By Doug Binder, DyeStat Editor
PALO ALTO, Calif. – The 2019 edition of the Prefontaine Classic will go into the history books for being the first time – and perhaps last – to be held anywhere but Hayward Field in Eugene.
But Sunday at Stanford, the California sun was a welcome newcomer to the meet, the expanded seating at Cobb Track and Angell Field were packed with a reported 8,128 people, and the Diamond League quality competition re-wrote the track’s record book in a matter of two hours.
But aside from the venue change, there were other moments that will be stitched into the fabric of the 45-year old meet.
Sifan Hassan of The Netherlands (and the Nike Oregon Project) ran one of the world’s greatest women’s 3,000-meter races, clocking 8:18.49.
Brazil’s Darlan Romani had the meet of his life in the shot put ring, piling 61 centimeters onto his personal best and breaking all-time South American and Diamond League records with his 74-2.50 (22.61) best mark.
Rai Benjamin got the meet revved up by mowing through the 400-meter hurdles field in 47.16 seconds for a new world-leading performance. Benjamin joined Edwin Moses as the only man to run that fast, or quicker, multiple times.
Caster Semenya, the South African who is fighting for her athletic life with the IAAF in court proceedings, continued to remain four or five steps ahead of every woman in the world in the 800 meters. The two-time Olympic champion ran away from a star-studded field to win in 1:55.70 – the fastest time ever on U.S. soil. Ajee' Wilson finished second in a season-best time of 1:58.36.
Christian Coleman re-set the fastest time of the year in the 100 meters, clocking 9.81 seconds on a day when the straightaway sprints generally did not produce jaw-dropping times. Behind him, 37-year-old Justin Gatlin showed he’s not going anywhere just yet, placing second in 9.87 seconds.
Benjamin, Coleman and Michael Norman, who won the 400 meters in 44.62 seconds, were the only U.S. competitors to win on a day dominated by international athletes.
Timothy Cheruiyot of Kenya led all 14 finishers under four minutes in the Bowerman Mile to conclude the met. Cheruiyot won handily in 3:50.49 and produced the fastest time in the world outside this year. Top American Craig Engels kicked to a strong fifth place with a personal-best time of 3:51.60.
The 2016 Olympic 1,500-meter gold medalist, Matthew Centrowitz, made his Pre Classic debut in a Bowerman Track Club kit, logging 3:52.26 after recovering from injury.
In the men’s 2-mle, Uganda’s Joseph Cheptegei, the world cross country champion, outsprinted Paul Chelimo of the U.S. to win in 8:07.54 to 8:07.59. Cheptegei said he plans to try and win the 10,000 meters at the upcoming IAAF World Championships in October.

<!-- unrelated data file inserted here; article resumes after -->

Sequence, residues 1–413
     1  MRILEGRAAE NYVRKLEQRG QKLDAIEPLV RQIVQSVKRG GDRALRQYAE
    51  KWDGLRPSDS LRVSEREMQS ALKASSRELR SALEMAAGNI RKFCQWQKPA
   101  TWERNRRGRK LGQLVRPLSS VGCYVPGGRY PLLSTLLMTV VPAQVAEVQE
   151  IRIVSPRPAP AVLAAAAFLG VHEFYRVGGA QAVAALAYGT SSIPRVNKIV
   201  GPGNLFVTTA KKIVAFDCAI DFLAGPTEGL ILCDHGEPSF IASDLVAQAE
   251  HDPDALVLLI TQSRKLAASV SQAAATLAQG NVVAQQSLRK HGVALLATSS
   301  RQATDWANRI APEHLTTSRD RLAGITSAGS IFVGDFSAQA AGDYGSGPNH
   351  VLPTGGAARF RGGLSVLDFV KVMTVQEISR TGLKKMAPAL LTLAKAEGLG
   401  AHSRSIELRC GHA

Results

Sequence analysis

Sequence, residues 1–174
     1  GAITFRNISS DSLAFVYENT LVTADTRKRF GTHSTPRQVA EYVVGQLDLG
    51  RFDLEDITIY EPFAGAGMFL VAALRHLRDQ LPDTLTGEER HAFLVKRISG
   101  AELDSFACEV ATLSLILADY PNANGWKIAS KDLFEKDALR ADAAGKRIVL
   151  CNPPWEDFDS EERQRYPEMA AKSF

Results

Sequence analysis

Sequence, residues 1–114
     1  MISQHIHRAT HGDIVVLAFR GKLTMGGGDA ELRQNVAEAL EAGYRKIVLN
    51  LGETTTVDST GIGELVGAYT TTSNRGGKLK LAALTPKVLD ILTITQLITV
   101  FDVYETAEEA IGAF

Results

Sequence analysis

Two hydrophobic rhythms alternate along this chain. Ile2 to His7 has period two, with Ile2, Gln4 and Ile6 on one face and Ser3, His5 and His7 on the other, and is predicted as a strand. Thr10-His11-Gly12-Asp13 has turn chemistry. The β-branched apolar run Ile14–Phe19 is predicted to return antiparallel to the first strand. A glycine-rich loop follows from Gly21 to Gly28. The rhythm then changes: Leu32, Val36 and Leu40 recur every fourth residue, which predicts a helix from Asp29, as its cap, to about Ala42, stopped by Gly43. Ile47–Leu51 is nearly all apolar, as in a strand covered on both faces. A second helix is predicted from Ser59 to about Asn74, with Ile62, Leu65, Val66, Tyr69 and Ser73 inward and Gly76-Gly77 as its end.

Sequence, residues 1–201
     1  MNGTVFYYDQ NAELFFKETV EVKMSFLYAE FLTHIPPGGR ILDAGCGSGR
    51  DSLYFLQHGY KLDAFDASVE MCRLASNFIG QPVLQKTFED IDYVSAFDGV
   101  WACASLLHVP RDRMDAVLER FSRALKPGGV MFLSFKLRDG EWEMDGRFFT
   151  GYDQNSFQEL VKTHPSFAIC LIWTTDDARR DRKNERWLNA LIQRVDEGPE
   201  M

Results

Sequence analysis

Beatrice Chepkoech of Kenya showed unbeatable form in the women’s 3,000-meter steeplechase as she drove under nine minutes for a dominant win in 8:55.58 for a new Pre Classic record. Chepkoech pushed it from the start, gunning through the first 1,000 meters in 2:55.07 on her way to the fifth-fastest all-time performance, giving her six of the top 12 marks in the event in history.
Emma Coburn, the world champion, aimed to push herself to a fast early pace as well so that she could test her fitness. She opened with 2:56.59, faster than she ever had run the first third of the race, she said, and suffered a minor fall with two laps to go on the way to a second-place finish in 9:04.90.
Allie Ostrander of Boise State, the three-time NCAA steeplechase champion, got her first taste of global elite caliber racing and ran a personal-best 9:31.44 for 13th place.
Orlando Ortega of Spain was a surprise winner of the men’s 110-meter hurdles, running 13.24 seconds to beat a strong field that included Olympic champion Omar McLeod, who was third.
In the women’s sprints, it was the Africans who shined bright. Marie-Josee Ta Lou of Ivory Coast won the 100 meters in 11.02 seconds, just ahead of Aleia Hobbs (11.04). First-time pros Teahna Daniels (11.13) and Sha’Carri Richardson (11.15) finished third and fourth.
In the women’s 200, Blessing Okagbare of Nigeria stole the thunder from the headliners in lane 7 and won the race in 22.05 seconds. Jamaica’s Elaine Thompson was a disappointed second in 22.21.
Mondo Duplantis ran in to a little bit of trouble against Sam Kendricks, but passed after a miss at 19-3.50 (5.88m) and then took control again with a second-attempt make at 19-5.50 (5.93m). Kendricks missed all three attempts at 19-5.50 and called Duplantis’ gambit “a big boy move.” STORY
In the women’s high jump, Mariya Lasitkene showed the crowd why she is the greatest in the world at her event. She went two bars higher than anyone else, clearing 6-7.50 (2.02m) and 6-8.25 (2.04m) both on her first attempts before her first misses at the competition at 6-9.75 (2.08m), which would have been a centimeter away from the world record. As it was, Lasitkene broke the Pre Classic record.
Vashti Cunningham, the reigning U.S. indoor and outdoor champion, had a productive day as she cleared 2 meters for the first time in her career. She finished second at 6-6.75 based on fewer misses than Yaroslava Mahuchikh of Ukraine.